Eventually, just about every professional golfer must try to find the answer to the question that lingers somewhere deep inside: Do I belong on the PGA Tour?
It sits there begging for an answer, no matter whether a golfer is young and confident or aging and filled with self-doubt. It rears itself in the minds of grizzled minitour veterans, bright-eyed rookies, past PGA Tour winners and inexperienced upstarts.
If they aren't on the PGA Tour, they yearn to know whether they could be. Some of them will find out this week.
The PGA Tour Qualifying Tournament -- better known as Q-school -- will get under way Wednesday at PGA West in La Quinta, Calif. There, 163 players from varied backgrounds will vie for membership in golf's most elite club. Those who finish among the top 25 and ties will earn unconditional membership for the PGA Tour in 2009.
Among those who will tee up in the desert two hours east of Los Angeles are a major championship winner, several players who have multiple tour victories and Ryder Cup appearances looking for a comeback, formerly touted prospects still waiting to break through and upstart rookies hoping they don't have to wait.
But no matter their backgrounds, all players are on equal footing this week as they face one of golf's most grueling tests: Six pressure-packed rounds that will provide, at least for this year, an answer to that burning question.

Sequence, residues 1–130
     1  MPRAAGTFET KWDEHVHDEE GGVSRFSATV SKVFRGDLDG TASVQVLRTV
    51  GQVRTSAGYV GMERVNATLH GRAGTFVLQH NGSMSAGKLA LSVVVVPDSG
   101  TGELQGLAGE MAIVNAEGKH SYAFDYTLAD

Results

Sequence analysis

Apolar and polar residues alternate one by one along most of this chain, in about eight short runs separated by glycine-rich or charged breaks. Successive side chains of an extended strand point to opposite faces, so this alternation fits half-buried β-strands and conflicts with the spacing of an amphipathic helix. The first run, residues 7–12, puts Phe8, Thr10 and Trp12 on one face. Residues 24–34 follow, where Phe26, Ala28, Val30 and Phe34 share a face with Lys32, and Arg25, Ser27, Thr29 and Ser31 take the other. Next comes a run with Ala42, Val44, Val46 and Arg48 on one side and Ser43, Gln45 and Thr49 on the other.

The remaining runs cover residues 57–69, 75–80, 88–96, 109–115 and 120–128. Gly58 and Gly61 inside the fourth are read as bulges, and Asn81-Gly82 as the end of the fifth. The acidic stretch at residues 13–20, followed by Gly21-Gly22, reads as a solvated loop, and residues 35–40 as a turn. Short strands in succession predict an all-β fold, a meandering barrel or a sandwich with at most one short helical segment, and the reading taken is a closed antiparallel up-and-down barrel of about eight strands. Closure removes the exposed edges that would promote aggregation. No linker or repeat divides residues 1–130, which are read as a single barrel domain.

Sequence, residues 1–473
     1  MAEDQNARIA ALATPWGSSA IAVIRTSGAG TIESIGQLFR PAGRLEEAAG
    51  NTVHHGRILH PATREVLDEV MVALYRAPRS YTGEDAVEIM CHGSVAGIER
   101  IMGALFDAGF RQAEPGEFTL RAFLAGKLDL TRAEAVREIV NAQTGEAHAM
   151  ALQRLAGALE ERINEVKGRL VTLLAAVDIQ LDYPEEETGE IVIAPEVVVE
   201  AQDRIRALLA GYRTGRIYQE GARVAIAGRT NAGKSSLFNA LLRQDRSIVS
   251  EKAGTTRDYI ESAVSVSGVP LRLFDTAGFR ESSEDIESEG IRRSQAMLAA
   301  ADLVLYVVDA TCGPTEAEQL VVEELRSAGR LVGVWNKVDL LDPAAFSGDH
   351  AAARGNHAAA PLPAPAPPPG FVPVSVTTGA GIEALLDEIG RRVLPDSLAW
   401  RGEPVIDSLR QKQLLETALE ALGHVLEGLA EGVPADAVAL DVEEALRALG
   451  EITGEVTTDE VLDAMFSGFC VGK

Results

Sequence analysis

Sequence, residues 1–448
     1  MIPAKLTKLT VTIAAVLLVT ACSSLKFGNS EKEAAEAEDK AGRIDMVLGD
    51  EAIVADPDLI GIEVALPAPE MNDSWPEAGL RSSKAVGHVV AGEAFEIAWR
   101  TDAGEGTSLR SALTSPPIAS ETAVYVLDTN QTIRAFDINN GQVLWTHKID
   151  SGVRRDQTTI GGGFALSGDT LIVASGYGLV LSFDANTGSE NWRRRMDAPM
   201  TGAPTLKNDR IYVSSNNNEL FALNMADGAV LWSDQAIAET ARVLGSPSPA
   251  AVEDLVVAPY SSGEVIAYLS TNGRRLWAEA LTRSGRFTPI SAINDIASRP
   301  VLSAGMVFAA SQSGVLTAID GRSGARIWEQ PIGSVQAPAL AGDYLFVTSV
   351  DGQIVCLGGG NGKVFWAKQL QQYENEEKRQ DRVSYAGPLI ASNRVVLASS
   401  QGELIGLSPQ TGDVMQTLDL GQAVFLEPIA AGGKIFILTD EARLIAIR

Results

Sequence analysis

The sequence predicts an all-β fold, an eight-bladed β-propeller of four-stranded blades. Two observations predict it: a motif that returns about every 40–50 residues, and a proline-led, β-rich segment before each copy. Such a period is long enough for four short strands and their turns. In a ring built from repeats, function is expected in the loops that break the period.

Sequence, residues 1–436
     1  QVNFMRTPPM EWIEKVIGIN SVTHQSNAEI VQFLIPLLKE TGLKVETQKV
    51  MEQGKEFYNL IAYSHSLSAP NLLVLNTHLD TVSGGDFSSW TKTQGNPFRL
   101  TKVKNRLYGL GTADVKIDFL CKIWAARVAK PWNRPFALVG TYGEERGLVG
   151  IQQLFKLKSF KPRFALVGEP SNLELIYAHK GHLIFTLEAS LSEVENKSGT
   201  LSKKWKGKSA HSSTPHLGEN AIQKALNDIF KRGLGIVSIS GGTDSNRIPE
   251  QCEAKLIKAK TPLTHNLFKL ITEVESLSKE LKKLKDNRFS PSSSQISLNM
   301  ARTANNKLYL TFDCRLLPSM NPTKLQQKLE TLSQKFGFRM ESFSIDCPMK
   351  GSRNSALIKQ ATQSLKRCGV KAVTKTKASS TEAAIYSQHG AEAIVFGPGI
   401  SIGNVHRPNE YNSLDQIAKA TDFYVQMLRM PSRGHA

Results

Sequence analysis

"It's just a part of the job," said Joe Durant, a four-time tour winner who won as recently as the 2006 Funai Classic but is back at Q-school this week. "You know when you sign up for this line of work that you have to earn your way on the big tour, and if you don't, you won't be out there for long."
And golf doesn't discriminate. Its egalitarian essence has paved a path to Q-school this year for such players as Mark Brooks, the 1996 PGA Championship winner, Chris Riley, who was on the 2004 Ryder Cup team, John Huston, Durant, Notah Begay, Olin Browne and Robert Gamez. They've combined for 21 PGA Tour victories.
"For some of us, it's very humbling," said Begay, a four-time PGA Tour winner who is trying to return from a serious back injury that derailed his career. "But you have to put your ego and your résumé aside because this game doesn't care who you are. You have to engage the game on its terms, not yours."
Past tour winners, however, enjoy a bit of a fallback because anyone who has won a tournament retains status as a past champion. Those players usually get into about 15 or 20 tournaments a year. Others, such as Durant, finished between 125th and 150th on the 2008 money list and also retain some status.
But gaining a full exemption for the tour is a sizable carrot for the pro golfer who wants to pick and choose a schedule and play more tournaments against the best in the business.
"I'm not dreading it at all," Durant said. "Do I want to be there? No. But I know I deserve to go because I didn't play well enough to keep my card, and I want to do whatever I can to play against the best."